New bluetongue outbreak in the UK

A new case of bluetongue disease has appeared in the UK in the Greater London district of Watford.

According to the Department for the Environment, Food and Rural Affairs (DEFRA), a new 20km bluetongue protection zone has been set up which covers parts of west and north London extending into Buckinghamshire and Hertfordshire.

Another two new cases have also been found inside the existing bluetongue protection zone covering much of East Anglia and the South East and that zone has been extended further into Surrey and Cambridgeshire.

DEFRA says all of the animals are suspected to have been infected before the "vector-free period", declared in December when it was considered there was a low risk of the disease spreading because of the cold weather.

There are now 75 confirmed cases of the virus, which were detected during routine testing required before animals can be moved out of protection and surveillance zones.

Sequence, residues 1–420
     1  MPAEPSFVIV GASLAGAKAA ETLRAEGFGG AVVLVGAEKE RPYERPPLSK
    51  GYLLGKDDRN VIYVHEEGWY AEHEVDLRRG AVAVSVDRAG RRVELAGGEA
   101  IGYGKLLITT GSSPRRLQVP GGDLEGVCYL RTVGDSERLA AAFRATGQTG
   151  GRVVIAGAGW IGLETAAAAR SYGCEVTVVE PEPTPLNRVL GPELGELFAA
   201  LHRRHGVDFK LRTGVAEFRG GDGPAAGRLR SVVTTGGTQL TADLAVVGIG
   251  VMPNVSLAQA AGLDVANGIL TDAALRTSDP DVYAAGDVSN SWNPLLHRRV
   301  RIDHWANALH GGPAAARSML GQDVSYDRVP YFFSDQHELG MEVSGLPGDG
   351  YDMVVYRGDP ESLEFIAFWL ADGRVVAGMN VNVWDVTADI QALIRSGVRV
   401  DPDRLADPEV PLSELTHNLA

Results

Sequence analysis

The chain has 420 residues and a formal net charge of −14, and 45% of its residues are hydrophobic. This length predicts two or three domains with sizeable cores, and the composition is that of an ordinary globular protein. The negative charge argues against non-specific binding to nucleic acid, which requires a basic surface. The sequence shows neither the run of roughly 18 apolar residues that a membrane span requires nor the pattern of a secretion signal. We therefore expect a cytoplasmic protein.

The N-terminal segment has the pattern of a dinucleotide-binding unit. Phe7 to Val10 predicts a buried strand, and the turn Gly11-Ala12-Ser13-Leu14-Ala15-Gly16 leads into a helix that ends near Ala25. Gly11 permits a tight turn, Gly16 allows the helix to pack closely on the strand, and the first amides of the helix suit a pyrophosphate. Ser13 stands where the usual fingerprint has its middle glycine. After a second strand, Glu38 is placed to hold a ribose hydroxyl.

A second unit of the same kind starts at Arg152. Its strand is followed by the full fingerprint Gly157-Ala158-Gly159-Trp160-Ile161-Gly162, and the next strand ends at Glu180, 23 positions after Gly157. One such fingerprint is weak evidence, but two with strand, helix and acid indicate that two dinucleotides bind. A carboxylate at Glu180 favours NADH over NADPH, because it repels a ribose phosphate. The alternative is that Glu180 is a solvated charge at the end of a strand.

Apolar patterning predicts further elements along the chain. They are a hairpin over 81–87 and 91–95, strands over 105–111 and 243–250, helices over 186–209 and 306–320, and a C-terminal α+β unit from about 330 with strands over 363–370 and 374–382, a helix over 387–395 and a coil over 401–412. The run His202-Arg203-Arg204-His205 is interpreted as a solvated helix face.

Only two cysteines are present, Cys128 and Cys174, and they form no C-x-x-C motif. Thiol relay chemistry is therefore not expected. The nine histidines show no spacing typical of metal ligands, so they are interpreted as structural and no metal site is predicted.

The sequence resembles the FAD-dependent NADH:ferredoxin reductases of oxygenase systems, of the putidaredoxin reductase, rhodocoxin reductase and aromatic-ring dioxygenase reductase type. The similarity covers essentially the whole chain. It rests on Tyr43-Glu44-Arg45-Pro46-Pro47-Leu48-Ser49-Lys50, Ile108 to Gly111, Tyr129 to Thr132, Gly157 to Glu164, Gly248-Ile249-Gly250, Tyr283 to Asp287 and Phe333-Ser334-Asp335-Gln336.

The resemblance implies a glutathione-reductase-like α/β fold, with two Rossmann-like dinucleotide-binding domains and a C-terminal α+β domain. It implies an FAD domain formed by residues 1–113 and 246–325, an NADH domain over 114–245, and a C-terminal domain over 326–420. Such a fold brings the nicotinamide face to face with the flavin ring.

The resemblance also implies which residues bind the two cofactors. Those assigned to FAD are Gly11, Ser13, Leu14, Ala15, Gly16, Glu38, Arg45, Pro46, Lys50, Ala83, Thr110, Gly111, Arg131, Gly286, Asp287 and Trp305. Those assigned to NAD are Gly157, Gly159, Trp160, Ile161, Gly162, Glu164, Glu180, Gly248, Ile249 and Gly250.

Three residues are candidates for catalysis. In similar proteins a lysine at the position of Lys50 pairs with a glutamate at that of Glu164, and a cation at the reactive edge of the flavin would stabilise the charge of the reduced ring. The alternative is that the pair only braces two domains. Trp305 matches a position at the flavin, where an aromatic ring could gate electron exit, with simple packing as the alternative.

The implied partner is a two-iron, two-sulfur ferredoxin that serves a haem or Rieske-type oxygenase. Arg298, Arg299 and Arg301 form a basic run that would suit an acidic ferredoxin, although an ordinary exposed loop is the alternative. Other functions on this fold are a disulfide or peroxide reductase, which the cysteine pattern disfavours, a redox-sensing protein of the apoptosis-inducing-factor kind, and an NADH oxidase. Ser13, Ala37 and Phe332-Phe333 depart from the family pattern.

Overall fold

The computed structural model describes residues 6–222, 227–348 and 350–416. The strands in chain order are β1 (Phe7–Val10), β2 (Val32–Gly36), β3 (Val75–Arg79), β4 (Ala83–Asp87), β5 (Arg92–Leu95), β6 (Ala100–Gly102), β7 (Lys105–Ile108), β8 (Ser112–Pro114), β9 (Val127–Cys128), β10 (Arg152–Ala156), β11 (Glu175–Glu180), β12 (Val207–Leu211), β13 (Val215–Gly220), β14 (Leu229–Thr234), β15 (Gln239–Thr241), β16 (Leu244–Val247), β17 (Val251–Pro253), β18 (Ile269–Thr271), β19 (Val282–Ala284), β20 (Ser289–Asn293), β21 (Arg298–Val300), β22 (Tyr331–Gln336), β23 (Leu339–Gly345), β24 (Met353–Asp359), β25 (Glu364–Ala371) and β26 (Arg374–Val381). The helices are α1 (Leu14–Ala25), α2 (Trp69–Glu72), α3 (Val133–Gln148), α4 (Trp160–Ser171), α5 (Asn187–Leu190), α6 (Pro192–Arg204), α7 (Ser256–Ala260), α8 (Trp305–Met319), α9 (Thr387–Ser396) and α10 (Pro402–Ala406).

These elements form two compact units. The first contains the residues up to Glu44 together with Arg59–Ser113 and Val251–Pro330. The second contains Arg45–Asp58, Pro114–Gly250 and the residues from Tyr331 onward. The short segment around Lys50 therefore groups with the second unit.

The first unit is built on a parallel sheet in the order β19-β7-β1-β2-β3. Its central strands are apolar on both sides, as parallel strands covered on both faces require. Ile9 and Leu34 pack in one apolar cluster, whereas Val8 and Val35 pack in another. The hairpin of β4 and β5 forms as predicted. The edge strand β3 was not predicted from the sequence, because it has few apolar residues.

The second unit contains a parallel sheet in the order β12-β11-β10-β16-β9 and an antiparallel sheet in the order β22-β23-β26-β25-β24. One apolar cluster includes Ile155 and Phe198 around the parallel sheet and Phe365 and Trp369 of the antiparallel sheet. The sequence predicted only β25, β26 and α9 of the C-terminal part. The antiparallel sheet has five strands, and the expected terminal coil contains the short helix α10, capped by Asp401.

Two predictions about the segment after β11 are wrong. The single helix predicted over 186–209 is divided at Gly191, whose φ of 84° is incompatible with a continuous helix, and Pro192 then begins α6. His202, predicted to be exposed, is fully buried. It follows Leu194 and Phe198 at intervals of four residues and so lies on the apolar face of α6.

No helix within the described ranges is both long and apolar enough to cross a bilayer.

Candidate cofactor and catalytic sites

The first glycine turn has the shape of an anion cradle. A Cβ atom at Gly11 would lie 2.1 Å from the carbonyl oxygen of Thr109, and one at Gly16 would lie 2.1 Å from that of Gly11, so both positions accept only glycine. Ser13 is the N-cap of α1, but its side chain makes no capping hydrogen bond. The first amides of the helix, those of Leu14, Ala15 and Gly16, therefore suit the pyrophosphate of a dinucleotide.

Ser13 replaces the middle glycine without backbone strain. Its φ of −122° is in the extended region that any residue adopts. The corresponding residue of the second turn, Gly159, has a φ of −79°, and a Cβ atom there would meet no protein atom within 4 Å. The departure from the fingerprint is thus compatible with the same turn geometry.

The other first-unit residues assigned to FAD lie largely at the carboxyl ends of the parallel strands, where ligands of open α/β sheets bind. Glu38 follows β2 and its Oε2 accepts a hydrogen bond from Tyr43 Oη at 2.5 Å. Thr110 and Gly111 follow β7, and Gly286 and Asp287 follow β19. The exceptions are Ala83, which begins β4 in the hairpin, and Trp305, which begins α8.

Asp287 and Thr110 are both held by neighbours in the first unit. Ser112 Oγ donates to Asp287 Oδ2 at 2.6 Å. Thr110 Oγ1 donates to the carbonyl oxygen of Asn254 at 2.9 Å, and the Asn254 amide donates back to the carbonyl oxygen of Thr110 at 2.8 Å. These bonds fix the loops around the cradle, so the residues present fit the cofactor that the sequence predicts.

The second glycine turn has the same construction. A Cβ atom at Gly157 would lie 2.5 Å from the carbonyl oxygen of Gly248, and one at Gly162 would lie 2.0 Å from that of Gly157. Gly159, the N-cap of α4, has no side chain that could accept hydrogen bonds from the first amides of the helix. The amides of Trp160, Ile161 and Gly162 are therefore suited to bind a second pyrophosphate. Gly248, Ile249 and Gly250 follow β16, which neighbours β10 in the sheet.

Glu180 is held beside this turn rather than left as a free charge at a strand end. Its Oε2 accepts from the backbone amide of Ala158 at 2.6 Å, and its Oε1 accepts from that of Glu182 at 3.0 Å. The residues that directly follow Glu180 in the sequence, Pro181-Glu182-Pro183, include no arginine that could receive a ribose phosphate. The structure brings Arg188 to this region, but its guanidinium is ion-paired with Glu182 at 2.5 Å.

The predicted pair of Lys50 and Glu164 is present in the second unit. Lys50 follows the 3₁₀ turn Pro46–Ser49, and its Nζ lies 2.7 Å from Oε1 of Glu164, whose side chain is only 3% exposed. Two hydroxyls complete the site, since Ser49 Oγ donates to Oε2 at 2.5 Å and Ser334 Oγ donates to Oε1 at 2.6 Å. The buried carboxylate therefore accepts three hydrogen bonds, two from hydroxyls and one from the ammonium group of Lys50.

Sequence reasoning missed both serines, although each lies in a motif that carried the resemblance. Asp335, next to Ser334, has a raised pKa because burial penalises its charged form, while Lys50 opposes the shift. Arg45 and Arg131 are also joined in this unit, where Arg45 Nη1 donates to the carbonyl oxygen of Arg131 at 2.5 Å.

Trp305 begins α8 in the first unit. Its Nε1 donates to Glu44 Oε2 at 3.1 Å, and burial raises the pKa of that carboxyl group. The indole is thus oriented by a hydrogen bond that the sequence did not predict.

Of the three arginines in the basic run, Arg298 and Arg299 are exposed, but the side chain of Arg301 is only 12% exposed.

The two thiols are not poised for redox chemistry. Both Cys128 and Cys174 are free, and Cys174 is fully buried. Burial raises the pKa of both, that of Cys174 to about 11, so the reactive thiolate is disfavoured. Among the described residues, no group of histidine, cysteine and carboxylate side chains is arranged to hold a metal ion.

Bluetongue disease is spread by midges and can be fatal to animals such as sheep and cows and was first confirmed in the UK in East Anglia on 28 September.

The surveillance zone remains in place over much of England and DEFRA says further cases can be expected.

Bluetongue is an insect-borne, viral disease which primarily affects sheep, occasionally goats and deer and, very rarely, cattle.

Evidence of bluetongue virus infection is present in cattle and farmed and feral deer in many areas of Australia but it has not been reported in the major sheep-growing areas; the disease does not affect humans.

The virus is also present in most countries of Africa, the Middle East, India, China, the United States, and Mexico.



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